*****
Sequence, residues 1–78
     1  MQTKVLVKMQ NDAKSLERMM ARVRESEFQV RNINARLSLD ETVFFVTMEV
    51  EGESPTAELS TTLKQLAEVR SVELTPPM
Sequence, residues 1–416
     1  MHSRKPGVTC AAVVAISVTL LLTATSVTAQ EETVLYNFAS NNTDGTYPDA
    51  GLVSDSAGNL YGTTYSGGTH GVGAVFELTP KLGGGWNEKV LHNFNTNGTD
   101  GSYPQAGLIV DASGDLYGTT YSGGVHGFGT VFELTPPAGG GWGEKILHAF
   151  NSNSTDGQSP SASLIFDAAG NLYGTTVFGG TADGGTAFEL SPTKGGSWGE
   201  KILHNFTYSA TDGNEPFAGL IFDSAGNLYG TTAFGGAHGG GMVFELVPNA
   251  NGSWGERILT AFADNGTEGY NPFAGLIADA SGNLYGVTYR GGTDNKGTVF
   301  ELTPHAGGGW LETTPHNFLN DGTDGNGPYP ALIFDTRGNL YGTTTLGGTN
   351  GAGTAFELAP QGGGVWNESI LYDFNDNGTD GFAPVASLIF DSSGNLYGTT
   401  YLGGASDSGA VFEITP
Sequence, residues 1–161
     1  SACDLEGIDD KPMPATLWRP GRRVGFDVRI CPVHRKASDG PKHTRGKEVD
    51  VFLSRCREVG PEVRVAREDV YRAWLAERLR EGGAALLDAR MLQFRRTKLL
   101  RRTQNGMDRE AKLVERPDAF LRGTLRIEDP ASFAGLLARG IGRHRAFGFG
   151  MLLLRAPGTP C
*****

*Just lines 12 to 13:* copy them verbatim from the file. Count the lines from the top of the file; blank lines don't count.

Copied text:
   351  GAGTAFELAP QGGGVWNESI LYDFNDNGTD GFAPVASLIF DSSGNLYGTT
   401  YLGGASDSGA VFEITP